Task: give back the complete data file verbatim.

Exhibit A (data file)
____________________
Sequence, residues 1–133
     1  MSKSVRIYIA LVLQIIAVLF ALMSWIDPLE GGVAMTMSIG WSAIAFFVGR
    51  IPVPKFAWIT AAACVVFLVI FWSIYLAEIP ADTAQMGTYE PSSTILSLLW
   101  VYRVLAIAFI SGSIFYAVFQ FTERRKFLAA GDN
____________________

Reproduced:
Sequence, residues 1–133
     1  MSKSVRIYIA LVLQIIAVLF ALMSWIDPLE GGVAMTMSIG WSAIAFFVGR
    51  IPVPKFAWIT AAACVVFLVI FWSIYLAEIP ADTAQMGTYE PSSTILSLLW
   101  VYRVLAIAFI SGSIFYAVFQ FTERRKFLAA GDN